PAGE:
Fiction by Pat Foran
My Dear Frontal Passage Friend,
We’re having trouble hearing each other. Is it windy where you are? Is it raining, Gene Kelly raining, where you are?
Is there a fire in the back of your head, burning from the back to the front, perpetually?
Is it like falling falling falling without being pushed?
Is it like that? Is it like this? Always?
Yours with microclimatic misgivings,
The Weather Girls
Dear Weather Girls,
That was the warm front that was, wasn’t it?
Fortunately, cooler air (and heads) often prevail. Like a no-one-will-be-the-wiser, westerly wind.
I don’t think anybody knows how to keep cool, or how to be cool, anymore. Do you?
The trial balloon of a forecast I floated represents the last line of every letter I didn’t send you.
Love, like a Blue Norther in a Spaghetti Western sky,
Your Magic 8-Ball
Dear Magic 8-Ball,
It might not sound like progress to you, but I finally stopped apologizing for the prediction I slipped, sieve like, into your back pocket, back when day lilies didn’t deceive, and windbaggy people said things like Put that in your pipe and smoke it.
Your friend, the one with the cutest of nose wrinkles,
Whirly Girl by OXO
Dear Whirly Girl by OXO,
Do you know the Yoko song Who Has Seen the Wind? It was the B-side of John’s Instant Karma — karma being a thing I think about when I think about whirling into the next weather pattern. Or when I think about plain, old “Next.”
In a movie I like, there’s a throwaway line I think about a lot: “The yard looks smaller without leaves.”
In the friendship we had, there’s a throwaway line I think about a lot: “It’s not like we really liked each other or anything.”
Yours, in the sickle of the unseen Chinook Wind,
Predictive Text Man
Dear Predictive Text Man,
There was — or, I should say, will be — a hole in the ocean.
A hole that is — or, I should say, will be — the pride of ocean-free Findlay, Ohio.
A hole that stores solar radiation, and distributes heat and moisture around the globe.
A hole that drives weather systems, and drives them with pride.
It’s a wind tunnel of a hole for us, don’t you think?
Thanks in advance for seeing — or, I should say, believing.
Your Little Horse Latitude
Dear Little Horse Latitude,
What a gift you’ve given me.
Gifts can be wispy, breezy things.
After hearing my first and only confession, a priest laughed like that cartoon dog Muttley.
If I remember right, he said I didn’t have the gift.
Gifts are like lies. Some people you give them to will never, ever forgive you.
On a veiny night in Georgia, I am,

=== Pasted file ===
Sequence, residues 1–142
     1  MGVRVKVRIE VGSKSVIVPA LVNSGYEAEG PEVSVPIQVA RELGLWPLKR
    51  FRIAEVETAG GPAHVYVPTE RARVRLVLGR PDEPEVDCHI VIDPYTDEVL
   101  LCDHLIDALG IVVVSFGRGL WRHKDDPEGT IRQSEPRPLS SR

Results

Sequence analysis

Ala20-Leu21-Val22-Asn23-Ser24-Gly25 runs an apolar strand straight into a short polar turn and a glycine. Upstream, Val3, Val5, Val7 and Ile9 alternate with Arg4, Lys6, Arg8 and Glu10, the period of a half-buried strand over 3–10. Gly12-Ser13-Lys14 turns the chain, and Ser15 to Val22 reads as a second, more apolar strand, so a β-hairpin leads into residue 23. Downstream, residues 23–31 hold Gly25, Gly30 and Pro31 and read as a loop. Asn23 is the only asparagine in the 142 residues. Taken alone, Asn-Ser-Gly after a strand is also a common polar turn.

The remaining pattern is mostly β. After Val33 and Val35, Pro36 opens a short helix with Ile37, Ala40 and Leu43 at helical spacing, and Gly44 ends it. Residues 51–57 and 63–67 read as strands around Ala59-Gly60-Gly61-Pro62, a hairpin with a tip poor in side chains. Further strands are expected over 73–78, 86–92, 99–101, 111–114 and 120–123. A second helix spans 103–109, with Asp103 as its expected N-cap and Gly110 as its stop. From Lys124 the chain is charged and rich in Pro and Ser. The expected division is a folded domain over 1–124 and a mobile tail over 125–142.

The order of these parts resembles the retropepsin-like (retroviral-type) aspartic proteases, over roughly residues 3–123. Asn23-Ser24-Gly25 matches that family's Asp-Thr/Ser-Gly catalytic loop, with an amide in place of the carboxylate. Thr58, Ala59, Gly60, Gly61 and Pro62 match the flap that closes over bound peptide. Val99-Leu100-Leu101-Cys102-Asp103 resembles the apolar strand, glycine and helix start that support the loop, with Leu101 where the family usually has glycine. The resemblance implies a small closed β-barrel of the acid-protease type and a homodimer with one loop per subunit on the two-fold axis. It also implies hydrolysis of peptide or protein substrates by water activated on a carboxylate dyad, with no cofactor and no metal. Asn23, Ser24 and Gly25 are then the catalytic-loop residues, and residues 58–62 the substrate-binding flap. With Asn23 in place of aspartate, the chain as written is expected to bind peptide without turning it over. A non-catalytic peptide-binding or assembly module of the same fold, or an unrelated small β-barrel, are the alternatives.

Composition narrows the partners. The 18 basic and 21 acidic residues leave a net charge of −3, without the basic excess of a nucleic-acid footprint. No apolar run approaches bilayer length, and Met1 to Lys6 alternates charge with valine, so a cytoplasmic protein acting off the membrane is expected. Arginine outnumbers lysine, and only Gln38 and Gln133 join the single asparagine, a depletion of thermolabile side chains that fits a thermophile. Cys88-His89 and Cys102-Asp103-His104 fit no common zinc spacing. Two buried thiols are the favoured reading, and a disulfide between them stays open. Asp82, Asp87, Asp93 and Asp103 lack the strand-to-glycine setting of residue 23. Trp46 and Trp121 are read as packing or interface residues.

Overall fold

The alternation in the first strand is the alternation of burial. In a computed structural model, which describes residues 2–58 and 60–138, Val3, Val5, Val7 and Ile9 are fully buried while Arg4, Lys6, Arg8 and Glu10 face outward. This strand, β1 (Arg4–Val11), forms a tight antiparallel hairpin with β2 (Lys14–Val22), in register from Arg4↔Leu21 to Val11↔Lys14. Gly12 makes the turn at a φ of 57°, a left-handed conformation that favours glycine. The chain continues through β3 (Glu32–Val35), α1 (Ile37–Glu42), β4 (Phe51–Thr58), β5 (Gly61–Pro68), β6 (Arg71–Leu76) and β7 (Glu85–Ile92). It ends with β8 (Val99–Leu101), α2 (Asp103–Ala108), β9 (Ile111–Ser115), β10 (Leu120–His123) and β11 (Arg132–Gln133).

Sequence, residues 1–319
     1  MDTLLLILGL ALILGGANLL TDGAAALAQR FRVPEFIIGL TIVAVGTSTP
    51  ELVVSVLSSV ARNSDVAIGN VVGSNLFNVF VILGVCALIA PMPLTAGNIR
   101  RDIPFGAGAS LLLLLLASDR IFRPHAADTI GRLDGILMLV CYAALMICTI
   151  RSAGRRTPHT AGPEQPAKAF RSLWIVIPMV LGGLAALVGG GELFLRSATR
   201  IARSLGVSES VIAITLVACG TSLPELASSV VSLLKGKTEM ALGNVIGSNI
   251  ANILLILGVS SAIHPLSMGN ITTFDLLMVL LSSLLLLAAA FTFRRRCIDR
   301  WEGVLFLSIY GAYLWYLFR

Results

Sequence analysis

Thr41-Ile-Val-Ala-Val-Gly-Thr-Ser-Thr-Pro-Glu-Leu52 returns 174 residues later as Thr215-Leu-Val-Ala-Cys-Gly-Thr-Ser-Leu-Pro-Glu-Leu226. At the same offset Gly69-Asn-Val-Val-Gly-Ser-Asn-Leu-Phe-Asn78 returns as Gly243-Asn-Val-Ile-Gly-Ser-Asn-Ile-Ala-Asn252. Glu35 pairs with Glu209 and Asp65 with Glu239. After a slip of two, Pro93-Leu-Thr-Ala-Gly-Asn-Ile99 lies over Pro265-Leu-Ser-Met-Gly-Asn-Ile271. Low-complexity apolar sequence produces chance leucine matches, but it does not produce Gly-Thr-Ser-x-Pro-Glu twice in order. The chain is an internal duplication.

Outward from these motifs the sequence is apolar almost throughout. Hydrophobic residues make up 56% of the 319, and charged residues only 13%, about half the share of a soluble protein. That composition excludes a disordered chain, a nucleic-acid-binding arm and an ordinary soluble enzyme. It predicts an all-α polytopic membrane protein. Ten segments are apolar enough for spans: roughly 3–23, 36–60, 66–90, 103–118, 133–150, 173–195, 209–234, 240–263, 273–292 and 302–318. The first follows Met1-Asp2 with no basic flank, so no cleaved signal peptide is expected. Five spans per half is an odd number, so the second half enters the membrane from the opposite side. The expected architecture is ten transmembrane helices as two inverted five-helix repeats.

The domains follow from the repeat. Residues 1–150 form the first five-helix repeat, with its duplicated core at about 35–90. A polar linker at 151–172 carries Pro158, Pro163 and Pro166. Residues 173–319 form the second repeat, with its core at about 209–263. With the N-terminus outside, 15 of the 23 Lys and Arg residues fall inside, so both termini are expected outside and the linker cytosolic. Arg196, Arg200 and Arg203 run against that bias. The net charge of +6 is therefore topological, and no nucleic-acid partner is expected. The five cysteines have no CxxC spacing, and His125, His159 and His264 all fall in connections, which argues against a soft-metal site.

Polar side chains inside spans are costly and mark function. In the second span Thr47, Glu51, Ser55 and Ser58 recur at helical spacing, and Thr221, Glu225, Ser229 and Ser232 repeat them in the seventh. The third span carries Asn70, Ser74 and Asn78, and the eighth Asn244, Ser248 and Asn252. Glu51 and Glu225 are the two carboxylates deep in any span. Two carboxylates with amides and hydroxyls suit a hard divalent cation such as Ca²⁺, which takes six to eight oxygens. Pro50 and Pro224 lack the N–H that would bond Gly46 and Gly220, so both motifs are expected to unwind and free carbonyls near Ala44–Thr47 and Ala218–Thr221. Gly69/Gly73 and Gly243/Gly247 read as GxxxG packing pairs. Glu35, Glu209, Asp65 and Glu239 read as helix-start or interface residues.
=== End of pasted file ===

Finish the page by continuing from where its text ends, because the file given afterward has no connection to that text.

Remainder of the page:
The Eastern Breezes
Dear Eastern Breezes,
I know you know about beginnings, middles and ends. About predicting and predictability.
But do you know about Relámpago del Catatumbo, or Catatumbo Lightning? The lightning fury that can stream for 10 hours straight, 10 times 10 times 10 days a year? Catatumbo Lightning strikes and strikes and strikes from storm clouds that float three miles above the Earth.
What kind of wind carries these electrically angry, floating clouds? The wind that wolf whistles, the one that sing-shouts Hey good lookin’ — what’s cookin’? The one blowing in from The South that says, wistfully, Where did we go wrong?The one that whispers, I could be wrong, but you’ll never hear it from me that I’m wrong. Not in this roil, not in this rain, not in this light, not on these electric nights.
Is it that kind of wind?
Watch the weather, you used to say. Traffic and weather together. Ask the weatherman, you’d say. We are windswept, no? Wind farmers, yes? Every which way, you’d say.
Here’s the thing: The weathermen are underground, underground and earnest in their blazers, reflecting, maybe, on the buildings they feather dusted, reconsidering, maybe, the constructs they carpet bombed. Their best-laid plans, waylaid. Their hair, windblown.
I want to talk about next — not what you think it could be or what I think it could be, but what it is. Next, in all its fallen glory. Next, in its earth, in its wind, in its fire. Next and the lightning of is. But I don’t know how to talk about it. Not with you, my dear Eastern Breezes. With you, I only know how to count lightning. How to count it, and how to make it count. Because everything counts.
Under the thunder and above the holler and howl, I am one two three lightning strikes away from the hole in the ocean. Four five six million light years from you.
In the crackle of next, and for (and against) the wind, I am —